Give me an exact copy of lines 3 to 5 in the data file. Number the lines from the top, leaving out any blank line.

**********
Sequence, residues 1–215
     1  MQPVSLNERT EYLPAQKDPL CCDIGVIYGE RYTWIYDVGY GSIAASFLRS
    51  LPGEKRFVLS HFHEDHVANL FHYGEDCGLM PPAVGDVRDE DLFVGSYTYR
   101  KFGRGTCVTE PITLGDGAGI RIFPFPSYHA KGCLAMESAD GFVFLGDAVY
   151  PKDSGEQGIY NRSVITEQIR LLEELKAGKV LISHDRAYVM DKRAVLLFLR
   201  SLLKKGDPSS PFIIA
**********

    51  LPGEKRFVLS HFHEDHVANL FHYGEDCGLM PPAVGDVRDE DLFVGSYTYR
   101  KFGRGTCVTE PITLGDGAGI RIFPFPSYHA KGCLAMESAD GFVFLGDAVY
   151  PKDSGEQGIY NRSVITEQIR LLEELKAGKV LISHDRAYVM DKRAVLLFLR